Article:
Bestworst lesson


The door opened to announce another interruption to this particular literacy activity.

The interruption was a cherub-faced Primary 4 (Year 3) pupil with a glint of mischief in her eyes and a message about choir practice, which she delivered from the door without waiting for the formality of an introduction.

I summoned her to the front of the room to administer a little "advice" on the etiquette of entering a room.

My own class's attention crystallized into an amused gaze of anticipation.

However, there was a determination in the way she marched to the front of the room, stood beside me and smiled, which said: "Well. What do you want?"

This little lady was not to be intimidated.

"Who are you?" I asked.

"Nicola," she beamed.

"How do you know that?" I probed.

Titters from my class came at the prospect of a little entertainment. She asked for clarification.

"How do you know you really are Nicola?"

She tossed a disarming smile. "Because I looked in the mirror this morning and I recognised my face."

My class was now caught in the exchange and with the image, so I struck.

"What if she hadn't recognised her face?" I asked the class. "What would you do if you were in that position? Who might you be? How might your day be different?"

A little direction focused their enthusiasm and imagination into the most entertaining writing activity, which lasted over several days and numerous revisions and captivated everyone.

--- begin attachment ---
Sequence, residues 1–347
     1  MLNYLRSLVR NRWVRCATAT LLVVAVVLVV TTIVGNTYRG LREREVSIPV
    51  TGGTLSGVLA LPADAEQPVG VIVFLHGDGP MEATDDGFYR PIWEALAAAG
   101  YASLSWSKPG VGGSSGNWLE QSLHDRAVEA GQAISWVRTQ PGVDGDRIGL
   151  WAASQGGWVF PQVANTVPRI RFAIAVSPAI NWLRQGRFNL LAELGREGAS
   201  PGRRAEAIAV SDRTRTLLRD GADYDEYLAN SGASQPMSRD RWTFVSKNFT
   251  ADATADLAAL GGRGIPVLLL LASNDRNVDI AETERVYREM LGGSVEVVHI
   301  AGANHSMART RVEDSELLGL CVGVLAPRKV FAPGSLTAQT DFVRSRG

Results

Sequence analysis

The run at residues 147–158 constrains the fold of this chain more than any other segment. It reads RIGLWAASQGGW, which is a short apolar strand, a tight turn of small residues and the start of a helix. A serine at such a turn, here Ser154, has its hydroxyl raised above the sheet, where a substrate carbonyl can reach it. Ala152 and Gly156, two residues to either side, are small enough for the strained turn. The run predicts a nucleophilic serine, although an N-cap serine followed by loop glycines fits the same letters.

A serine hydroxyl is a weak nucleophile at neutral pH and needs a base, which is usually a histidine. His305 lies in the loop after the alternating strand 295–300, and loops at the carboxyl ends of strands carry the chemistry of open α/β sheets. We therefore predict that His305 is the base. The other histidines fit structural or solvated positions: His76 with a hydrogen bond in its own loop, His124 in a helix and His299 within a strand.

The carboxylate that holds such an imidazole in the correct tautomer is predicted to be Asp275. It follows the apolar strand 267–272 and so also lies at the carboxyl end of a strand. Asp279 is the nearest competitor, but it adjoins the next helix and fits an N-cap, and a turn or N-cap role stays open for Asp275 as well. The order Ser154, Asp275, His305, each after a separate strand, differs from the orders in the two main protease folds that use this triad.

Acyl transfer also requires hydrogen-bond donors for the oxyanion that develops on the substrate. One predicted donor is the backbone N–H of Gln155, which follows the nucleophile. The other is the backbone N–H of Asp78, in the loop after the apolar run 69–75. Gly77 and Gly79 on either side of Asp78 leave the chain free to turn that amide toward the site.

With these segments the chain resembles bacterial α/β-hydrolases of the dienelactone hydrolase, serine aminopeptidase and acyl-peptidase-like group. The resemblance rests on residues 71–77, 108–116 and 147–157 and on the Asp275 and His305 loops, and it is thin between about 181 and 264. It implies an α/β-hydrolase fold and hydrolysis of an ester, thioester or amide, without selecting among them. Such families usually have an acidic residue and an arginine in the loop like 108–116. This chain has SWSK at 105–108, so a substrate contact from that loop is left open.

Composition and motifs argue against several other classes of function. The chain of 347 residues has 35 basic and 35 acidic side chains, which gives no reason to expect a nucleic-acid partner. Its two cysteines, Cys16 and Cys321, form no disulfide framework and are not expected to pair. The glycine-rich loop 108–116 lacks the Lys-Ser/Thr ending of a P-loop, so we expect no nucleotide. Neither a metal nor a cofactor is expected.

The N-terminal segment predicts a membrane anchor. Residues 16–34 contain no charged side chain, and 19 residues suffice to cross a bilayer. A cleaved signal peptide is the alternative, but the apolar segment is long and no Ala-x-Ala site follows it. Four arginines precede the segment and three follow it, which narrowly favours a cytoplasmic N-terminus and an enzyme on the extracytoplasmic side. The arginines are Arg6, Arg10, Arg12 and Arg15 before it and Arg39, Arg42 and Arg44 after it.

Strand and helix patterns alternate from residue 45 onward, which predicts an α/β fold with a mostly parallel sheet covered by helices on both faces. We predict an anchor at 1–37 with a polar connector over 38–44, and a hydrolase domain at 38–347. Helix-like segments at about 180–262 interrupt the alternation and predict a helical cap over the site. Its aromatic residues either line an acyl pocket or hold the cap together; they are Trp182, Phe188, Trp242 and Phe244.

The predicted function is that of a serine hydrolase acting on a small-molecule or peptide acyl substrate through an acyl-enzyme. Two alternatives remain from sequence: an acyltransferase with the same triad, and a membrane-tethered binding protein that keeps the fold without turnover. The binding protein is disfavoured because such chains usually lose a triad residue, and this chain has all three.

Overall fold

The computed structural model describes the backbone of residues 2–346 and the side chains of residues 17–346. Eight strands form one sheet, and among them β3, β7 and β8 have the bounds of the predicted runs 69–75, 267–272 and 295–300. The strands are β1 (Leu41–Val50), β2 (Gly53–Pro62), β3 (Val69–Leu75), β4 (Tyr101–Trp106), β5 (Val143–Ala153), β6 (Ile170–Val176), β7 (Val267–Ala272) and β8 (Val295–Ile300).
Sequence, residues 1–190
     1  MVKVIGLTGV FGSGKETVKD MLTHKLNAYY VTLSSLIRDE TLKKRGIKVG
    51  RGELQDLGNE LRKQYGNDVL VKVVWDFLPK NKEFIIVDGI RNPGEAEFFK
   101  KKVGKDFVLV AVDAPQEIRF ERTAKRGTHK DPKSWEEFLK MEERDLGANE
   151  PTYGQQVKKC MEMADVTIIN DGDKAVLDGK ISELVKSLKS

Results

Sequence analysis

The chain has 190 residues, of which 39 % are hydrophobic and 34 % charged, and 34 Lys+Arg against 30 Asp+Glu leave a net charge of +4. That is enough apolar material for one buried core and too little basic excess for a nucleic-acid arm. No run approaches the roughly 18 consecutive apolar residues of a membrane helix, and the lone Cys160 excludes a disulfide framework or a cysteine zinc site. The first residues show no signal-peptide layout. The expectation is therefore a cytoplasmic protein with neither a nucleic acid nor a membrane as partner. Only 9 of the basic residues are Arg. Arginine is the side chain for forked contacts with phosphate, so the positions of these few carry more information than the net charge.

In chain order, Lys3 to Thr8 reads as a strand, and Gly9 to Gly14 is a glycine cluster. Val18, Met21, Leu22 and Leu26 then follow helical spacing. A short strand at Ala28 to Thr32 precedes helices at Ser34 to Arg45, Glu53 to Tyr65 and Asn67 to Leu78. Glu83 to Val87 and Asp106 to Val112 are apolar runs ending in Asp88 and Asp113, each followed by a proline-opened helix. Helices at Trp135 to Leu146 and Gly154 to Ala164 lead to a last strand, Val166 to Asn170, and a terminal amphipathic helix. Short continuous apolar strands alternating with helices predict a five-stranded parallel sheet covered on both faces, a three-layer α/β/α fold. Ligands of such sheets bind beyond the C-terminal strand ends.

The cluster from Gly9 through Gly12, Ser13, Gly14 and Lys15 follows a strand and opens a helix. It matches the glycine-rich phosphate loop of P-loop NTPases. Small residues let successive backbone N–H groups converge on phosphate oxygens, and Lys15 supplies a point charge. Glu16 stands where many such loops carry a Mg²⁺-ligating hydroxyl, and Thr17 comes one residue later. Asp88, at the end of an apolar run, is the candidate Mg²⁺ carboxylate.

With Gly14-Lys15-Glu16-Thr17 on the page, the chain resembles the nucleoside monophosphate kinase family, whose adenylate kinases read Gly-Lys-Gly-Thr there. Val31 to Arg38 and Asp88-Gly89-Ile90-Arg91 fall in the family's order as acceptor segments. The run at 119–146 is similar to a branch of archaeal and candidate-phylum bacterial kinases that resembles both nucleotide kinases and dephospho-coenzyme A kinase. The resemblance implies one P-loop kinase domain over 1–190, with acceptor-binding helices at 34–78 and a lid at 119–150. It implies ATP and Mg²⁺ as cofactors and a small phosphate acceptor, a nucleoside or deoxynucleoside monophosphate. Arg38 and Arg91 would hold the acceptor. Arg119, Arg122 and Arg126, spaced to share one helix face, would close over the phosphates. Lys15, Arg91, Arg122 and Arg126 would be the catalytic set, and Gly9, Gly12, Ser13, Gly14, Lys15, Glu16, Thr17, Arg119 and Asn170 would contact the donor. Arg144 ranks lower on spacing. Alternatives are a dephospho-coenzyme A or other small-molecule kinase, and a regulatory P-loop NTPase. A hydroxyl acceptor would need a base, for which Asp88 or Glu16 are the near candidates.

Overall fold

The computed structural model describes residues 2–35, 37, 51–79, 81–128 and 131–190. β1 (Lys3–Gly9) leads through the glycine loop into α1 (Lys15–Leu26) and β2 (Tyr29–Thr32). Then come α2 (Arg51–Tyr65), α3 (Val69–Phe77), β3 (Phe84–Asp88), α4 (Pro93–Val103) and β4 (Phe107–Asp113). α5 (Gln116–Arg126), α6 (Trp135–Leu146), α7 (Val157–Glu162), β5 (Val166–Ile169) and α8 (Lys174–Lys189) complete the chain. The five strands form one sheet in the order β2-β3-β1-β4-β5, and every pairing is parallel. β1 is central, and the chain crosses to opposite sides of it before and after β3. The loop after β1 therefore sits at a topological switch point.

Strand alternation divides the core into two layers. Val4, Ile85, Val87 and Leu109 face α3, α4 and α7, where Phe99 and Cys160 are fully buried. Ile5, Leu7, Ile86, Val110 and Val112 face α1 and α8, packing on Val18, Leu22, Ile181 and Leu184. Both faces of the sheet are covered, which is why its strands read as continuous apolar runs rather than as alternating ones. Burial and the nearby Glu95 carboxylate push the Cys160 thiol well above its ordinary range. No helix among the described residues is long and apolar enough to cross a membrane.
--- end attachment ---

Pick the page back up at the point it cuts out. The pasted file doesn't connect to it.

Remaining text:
The sun shone as the bus trundled along the beach road towards the field centre where we were looking forward to playing games.

This was our third outing with our partner school. The children were from different traditions and the Department of Education had made funding available for joint projects in the hope of fostering positive relations.

We had just picked up our partners - no separate transport for us - and enthusiastic integration was our goal.

As I sat with my partner teacher we listened to the animated chatter of 50 Primary Six (Year 5) children as they renewed acquaintances, swapped news and shared anticipation for a day at the beach.

In front of us, enthusiastically exchanging gossip, were two boys who had become friends and were rarely separate during these outings.

Approaching the beach, the bus slowed for speed ramps outside the main entrance to Magilligan Prison - the isolated location underlining its role in housing those convicted under terrorism legislation.

Squeals of delight echoed as the children bounced exuberantly on their seats and from the two boys in front we heard: "That's where my dad works."

(Indicating the prison).

"Oh. He must know my uncle. That's where he is. My dad visits him."

"I'll ask my dad if he knows him when I get home."

A gasp of horror choked my partner teacher as the significance of the exchange dawned. There were no further joint activities

Peter Heaney teaches in Londonderry

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